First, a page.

By 1986, he'd sold his first ballpark painting: A black-and-white aerial of Ebbets Field and a Polo Grounds oil, the latter going for $11,000. He was onto something. Next thing he knew, a Fenway Park piece sold for $25,000. There was money in memories. Now Jurinko is one of many who are making a living on fashioning his memories to reach a nostalgic baseball public.
Jurinko's work plugs into the way an old ballpark can conjure memories of youth. Even the most tinkertoy ballpark or ragged field can produce a cathartic flood of emotion. Such was the case for myself when I visited old Arlington Stadium in Arlington, Texas, which has since been replaced by the grand, neo-classic Ballpark at Arlington.
It was a few months before Arlington Stadium was torn down. I was let inside the ruin by an old African-American dressed in a guard's uniform with a Texas Rangers' insignia. He patroled the sun-punished remains of the ballpark as if games were still going on every night. He was a lesson in denial. His job was to refuse to let dreams die. He made the rounds, regularly checked the cluttered ramps, strolling through the red seat-backs strewn like a pile of autumn leaves.
The ballfield's infield was buried in a Kilamanjaro of scooped-out Texas peat. Windows in the luxury boxes were broken in spidderwebby patterns, and inside, knotted telephone lines were stunned into silence. I walked through all of this and got this spooky feeling. It made me feel like I was in the movie, The Poseidon Adventure, which was about a cruise ship that had been overturned by a tidal wave. The gutted luxury boxes were desolate except for cracked wall mirrors, and I wondered if this meant seven more years of second place for the Texas Rangers.
Because the Rangers were my team, ever since we lived in Dallas in the early '70s. But we left in 1972, and I didn't get to see very much ball played in this stadium as a boy. Perhaps, for that reason, the sight of that eight-ton scoreboard lying dead filled me with an overpowering sense of loss. Across the way, I could see the new stadium. It represented new dreams for all of the youths who talk their dads into buying them red caps and inflatable bats and baseball cards of Jose Canseco, Will Clark and Juan Gonzalez.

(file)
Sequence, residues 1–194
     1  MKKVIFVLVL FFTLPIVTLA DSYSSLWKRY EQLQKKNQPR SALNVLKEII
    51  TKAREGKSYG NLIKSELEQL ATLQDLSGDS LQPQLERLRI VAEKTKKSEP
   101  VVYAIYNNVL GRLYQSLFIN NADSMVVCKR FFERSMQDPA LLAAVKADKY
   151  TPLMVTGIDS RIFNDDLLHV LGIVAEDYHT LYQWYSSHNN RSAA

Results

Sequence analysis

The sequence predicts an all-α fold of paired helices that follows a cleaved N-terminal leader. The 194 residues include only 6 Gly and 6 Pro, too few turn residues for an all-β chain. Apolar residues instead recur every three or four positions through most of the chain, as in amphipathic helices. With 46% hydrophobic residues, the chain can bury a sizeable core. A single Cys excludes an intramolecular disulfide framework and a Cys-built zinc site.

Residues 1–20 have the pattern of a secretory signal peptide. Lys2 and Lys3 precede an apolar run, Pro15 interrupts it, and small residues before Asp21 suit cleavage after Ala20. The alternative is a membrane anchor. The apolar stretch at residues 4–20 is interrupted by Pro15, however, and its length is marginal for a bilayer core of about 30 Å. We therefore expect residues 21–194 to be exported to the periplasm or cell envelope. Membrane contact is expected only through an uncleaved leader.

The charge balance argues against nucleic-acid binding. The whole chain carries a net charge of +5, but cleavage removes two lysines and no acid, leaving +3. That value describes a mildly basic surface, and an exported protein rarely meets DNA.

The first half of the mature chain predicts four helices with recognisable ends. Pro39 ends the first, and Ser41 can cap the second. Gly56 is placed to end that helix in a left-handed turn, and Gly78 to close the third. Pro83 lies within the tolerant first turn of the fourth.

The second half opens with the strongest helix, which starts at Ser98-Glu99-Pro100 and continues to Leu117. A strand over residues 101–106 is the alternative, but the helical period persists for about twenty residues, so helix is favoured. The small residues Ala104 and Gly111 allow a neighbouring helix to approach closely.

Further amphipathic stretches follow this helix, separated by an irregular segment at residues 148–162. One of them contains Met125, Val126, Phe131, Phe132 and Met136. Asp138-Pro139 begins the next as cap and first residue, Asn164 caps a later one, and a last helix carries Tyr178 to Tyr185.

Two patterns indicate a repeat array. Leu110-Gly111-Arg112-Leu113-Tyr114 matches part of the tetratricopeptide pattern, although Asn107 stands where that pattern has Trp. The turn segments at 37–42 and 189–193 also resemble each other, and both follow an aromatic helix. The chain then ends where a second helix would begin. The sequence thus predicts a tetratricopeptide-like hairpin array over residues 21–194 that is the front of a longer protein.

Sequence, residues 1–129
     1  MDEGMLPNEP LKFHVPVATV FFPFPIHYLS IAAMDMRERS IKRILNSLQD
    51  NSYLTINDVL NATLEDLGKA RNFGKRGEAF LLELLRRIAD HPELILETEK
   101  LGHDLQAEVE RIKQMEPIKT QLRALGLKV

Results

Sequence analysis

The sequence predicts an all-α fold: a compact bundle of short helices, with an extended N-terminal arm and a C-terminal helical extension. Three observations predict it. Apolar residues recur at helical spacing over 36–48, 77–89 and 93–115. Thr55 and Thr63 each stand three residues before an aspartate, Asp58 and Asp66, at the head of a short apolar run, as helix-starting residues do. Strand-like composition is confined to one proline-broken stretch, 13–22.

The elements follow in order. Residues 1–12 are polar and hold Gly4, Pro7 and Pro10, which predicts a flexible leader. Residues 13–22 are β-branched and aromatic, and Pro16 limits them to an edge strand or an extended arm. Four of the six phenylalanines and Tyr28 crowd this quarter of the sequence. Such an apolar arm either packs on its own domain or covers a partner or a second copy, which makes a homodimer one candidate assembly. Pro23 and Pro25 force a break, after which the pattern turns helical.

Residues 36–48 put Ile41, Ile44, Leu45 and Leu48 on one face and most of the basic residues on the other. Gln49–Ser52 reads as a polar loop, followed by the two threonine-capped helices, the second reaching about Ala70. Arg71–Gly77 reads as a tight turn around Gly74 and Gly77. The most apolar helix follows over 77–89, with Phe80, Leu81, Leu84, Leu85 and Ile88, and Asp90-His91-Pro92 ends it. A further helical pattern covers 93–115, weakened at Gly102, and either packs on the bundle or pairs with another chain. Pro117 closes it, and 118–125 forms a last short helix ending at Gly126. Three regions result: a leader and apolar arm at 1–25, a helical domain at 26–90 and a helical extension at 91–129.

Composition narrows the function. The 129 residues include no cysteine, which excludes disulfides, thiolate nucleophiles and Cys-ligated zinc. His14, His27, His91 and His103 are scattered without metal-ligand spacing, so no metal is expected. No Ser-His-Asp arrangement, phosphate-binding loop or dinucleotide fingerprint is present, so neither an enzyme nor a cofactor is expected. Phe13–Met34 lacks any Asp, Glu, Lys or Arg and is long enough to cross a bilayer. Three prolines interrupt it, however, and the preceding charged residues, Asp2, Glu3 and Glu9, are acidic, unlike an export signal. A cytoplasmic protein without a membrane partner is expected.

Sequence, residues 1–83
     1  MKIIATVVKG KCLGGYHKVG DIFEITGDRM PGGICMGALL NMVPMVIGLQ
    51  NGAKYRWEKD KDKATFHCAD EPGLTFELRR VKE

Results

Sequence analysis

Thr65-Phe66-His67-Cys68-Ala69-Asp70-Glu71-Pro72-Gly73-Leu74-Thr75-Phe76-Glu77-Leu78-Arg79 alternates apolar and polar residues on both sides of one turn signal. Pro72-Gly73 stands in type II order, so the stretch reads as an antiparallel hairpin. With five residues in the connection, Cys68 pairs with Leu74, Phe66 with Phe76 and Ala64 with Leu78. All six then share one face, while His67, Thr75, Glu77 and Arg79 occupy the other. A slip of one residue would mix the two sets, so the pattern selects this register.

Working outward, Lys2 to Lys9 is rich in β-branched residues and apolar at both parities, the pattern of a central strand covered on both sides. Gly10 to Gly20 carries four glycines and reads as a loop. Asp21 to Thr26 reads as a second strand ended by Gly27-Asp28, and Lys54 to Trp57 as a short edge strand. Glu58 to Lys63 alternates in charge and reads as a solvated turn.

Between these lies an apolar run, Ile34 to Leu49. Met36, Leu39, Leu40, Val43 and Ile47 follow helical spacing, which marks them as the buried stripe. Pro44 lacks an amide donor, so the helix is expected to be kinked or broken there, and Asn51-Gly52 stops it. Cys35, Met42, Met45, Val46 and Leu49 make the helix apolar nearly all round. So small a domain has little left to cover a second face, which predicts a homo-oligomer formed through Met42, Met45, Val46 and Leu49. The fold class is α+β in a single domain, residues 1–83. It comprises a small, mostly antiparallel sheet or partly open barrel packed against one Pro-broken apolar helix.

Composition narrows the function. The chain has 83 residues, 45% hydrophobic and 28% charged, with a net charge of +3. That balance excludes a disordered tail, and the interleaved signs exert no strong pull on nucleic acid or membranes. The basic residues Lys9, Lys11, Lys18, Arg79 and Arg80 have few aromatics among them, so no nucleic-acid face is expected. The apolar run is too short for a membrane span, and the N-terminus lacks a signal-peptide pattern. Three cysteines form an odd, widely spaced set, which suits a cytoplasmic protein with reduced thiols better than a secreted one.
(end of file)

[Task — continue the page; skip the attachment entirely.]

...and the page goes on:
Yet, looking at the shards of seats littering old Arlington, like so many bodies after a battle, I saw my childhood denied. I broke down in tears, thinking about something I hadn't thought of for a long time: Dick Billings' wrist bands. Billings, catcher for the Rangers in '72, was my hero, mostly because of the wristbands he wore. Those red, white and blue wrist bands were the definition on machismo for this 11-year-old boy. Anyway, there I was, 34-year-old, crying like a baby. Just letting go. Then, I decided to take something of value, important to me perhaps, but nobody else. I gathered one of the red plastic seats, an old program, a blue plastic sliver off a refreshment stand that said, "Nachos."
I reclaimed my youth. And my hero, Dick Billings.
Later that day, I went to see the Rangers play the Oakland A's at the new ballpark. That night, we watched in the press box as O.J. Simpson played out his tragi-comic drama in his Ford Bronco on an L.A. Freeway. A few minutes before, I'd caught Will Clark and Jose Canseco in the hall leading to the dugout. They were ducking "The National Anthem." Canseco wheedled in an irreverent Tweedy Bird voice as Clark winked, "Can you imagine hearing that song one-hundred and sixty-two times a year and for twenty five or so spring training games?"
Yes, the modern sports hero has changed. So it's easy to understand how the intensity of a young's persons gaze is at a considerably lesser beam. But perhaps we always had to drag our kids to the ballpark. Maybe they always needed prodding to understand the game's nuances, its beauty and history. Tradition is taught, not inherited.
Father and sons play catch, at first with some tentativeness, and then with gathering speed. Adults look at their old four-fingered gloves, autographs and souvenirs and remember. It's not that we are so enamored of the game as children. It's that the seeds we planted so long ago have a way of growing on you. The continuum is funny that way, and so is listening to the sound of baseball on the radio.